The Cultural Gutter

the cult in your pop culture

"We are all in the gutter, but some of us are looking at the stars." -- Oscar Wilde

Fandom is Magic

Gutter Guest
Posted July 28, 2011

In the year 2001 I discovered a magical world. Not Harry Potter (that was a few years later) and not the Internet (although it was responsible), but a world that captured my attention and hasn’t let go ten years later. It has to do with fanfiction; unpaid fiction that is written by fans of a cultural product such as a movie, television show, comic book, novel, or anime. But fanfiction wasn’t the magical world I discovered; it was the community of fanfic writers.

I first encountered it one evening when, bored at work, I searched the internet for episode reviews of Buffy the Vampire Slayer. The fansite I ran across had stories. Stories written by fans to explore the show’s world and characters in greater depth. I was intrigued. I tried “gen” stories that explored the show’s mythology and asked questions like, “What if Buffy hadn’t been resurrected?” I tried “het” ones that took the Buffy/Spike relationship just developing onscreen and turned it up a notch. I tried “femslash” with the sweet onscreen couple Willow/Tara. But none felt right until I discovered the “slash” (male-male) pairing of Spike/Xander. It shouldn’t have worked, it had never occurred to me to think of them as a pairing, but there was something about how skilled fanfic authors explored their rapport (and made Xander more relatable than I’d ever found him before) that just clicked for me.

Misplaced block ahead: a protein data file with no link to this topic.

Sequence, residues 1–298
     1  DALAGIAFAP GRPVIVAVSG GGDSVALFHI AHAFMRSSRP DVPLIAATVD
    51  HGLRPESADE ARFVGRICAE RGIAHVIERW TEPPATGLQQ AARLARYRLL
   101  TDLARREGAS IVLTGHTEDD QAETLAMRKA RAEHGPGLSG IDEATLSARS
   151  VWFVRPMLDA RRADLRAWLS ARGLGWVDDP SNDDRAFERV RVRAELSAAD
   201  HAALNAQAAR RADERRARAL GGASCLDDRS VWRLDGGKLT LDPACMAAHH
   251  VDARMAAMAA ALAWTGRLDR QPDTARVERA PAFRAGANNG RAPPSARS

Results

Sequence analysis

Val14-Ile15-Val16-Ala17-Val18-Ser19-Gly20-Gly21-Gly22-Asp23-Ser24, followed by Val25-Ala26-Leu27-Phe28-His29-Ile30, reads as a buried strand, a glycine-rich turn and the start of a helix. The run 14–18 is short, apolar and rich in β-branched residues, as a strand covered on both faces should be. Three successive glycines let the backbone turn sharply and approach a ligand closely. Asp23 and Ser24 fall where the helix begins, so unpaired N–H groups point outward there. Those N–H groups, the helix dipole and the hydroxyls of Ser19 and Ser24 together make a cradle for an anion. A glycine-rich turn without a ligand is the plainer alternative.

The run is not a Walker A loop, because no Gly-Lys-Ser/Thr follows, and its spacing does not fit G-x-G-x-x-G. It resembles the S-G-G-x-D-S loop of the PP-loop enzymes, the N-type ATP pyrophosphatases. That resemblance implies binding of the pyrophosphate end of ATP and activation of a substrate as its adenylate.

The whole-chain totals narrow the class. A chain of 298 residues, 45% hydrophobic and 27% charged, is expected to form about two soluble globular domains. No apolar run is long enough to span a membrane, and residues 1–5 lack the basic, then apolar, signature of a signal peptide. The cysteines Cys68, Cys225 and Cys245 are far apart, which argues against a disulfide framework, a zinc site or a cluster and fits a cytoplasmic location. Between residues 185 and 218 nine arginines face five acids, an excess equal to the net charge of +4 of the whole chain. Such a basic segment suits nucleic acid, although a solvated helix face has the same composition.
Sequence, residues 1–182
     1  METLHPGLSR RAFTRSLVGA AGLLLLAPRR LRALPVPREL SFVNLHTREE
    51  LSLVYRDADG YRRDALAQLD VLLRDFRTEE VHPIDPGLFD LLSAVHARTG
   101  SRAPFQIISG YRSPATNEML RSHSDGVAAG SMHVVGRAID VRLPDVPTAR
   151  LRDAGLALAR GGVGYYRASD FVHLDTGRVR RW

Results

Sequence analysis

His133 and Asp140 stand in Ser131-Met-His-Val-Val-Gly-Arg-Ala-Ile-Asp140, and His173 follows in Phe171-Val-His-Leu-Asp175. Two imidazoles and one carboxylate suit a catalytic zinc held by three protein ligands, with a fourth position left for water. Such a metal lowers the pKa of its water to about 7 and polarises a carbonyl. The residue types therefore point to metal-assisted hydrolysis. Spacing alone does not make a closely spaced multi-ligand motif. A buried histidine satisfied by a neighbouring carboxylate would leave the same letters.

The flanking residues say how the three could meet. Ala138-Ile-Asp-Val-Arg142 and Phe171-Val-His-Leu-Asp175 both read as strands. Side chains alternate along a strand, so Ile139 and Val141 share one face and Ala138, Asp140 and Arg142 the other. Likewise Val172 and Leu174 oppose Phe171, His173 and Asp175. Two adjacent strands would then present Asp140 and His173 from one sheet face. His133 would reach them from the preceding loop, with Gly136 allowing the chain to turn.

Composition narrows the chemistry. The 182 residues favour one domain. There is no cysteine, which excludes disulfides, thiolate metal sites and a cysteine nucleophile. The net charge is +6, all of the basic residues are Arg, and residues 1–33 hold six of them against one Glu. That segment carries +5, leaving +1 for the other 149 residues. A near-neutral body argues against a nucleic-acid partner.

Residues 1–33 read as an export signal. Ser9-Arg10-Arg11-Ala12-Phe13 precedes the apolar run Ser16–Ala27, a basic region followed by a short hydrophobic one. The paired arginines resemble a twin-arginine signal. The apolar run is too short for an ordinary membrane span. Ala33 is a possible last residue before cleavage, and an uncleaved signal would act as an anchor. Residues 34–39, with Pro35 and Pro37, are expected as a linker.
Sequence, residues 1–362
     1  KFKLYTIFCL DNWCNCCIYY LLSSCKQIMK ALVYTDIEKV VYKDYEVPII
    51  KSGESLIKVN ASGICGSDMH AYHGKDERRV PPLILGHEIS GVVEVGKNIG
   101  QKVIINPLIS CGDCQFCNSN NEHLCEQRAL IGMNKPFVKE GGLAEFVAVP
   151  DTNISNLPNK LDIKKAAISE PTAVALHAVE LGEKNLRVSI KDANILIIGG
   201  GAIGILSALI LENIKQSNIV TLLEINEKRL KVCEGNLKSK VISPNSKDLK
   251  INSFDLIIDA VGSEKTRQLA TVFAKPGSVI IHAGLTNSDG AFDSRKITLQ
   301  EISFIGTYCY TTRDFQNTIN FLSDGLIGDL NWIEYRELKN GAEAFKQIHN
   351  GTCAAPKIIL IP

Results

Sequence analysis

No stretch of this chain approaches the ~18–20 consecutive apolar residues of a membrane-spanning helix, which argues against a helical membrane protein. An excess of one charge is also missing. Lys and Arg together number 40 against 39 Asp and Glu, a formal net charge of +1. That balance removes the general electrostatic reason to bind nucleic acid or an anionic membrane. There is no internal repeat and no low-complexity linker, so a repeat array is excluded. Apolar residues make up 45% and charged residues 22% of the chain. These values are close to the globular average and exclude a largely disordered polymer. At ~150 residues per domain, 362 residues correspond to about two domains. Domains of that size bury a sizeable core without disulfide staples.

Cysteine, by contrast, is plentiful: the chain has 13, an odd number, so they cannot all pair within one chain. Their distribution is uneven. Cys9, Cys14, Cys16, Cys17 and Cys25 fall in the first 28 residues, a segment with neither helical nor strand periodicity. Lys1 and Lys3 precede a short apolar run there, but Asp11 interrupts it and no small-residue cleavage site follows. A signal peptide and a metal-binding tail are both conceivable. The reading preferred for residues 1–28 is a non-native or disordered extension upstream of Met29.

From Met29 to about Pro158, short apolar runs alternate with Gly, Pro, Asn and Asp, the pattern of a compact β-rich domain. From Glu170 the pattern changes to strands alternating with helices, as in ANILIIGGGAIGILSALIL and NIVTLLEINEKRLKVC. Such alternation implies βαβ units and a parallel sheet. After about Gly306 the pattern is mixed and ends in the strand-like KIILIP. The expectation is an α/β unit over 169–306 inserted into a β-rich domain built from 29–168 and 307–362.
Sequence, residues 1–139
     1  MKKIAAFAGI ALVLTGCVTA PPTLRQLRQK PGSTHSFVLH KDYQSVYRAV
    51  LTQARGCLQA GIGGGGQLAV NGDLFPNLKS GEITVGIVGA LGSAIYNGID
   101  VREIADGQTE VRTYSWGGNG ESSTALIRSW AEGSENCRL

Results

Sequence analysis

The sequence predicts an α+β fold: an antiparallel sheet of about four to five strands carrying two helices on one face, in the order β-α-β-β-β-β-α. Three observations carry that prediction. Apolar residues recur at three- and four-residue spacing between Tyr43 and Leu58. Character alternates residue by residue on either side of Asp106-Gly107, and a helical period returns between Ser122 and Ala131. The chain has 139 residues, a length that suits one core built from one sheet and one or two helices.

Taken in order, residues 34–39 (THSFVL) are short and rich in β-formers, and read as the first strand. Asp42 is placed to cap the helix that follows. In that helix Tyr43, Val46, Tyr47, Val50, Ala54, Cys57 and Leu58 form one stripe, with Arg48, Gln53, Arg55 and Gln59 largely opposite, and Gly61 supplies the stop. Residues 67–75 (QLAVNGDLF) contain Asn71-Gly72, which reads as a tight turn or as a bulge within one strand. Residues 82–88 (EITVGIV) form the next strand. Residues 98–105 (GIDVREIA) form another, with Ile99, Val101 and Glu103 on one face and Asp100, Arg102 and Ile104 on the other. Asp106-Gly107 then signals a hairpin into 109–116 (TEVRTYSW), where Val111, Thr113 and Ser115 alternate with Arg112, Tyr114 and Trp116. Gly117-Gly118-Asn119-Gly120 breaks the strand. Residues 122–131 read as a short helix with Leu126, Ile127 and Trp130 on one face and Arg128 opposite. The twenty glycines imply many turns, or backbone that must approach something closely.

I spent a number of years “lurking”–quietly reading these slash stories, not sending feedback, and certainly not telling friends of my new hobby. Then I discovered a thriving community of fanfic authors on LiveJournal.com, a blogging site that remains a hub for fanfiction writers. Here writers shared new fic, and often information about their lives and their process. It was like stumbling upon Jane Austen’s diary and reading her first ruminations on a character called Mr. Darcy, except that these authors were talking to each other and to readers!

It took me time to work up the courage to actually comment on my favourite authors’ work, but the results were amazing! The women who responded–most fanfic writers are women–were warm and welcoming. When I finally dared to post my own stories, I was shocked by the compliments and encouragement I received. Soon I began to chat on LiveJournal and Instant Messenger with my favourite authors, learning about them as people, getting tips on writing, and providing feedback on their work. It was a heady experience!

I had stumbled across the community pop culture scholar Henry Jenkins defines as fandom:

‘Fandom’ is a vehicle for marginalized subcultural groups (women, the young, gays, etc.) to pry open space for their cultural concerns within dominant representations; it is a way of appropriating media texts and rereading them in a fashion that serves different interests, a way of transforming mass culture into a popular culture (1988, p. 87).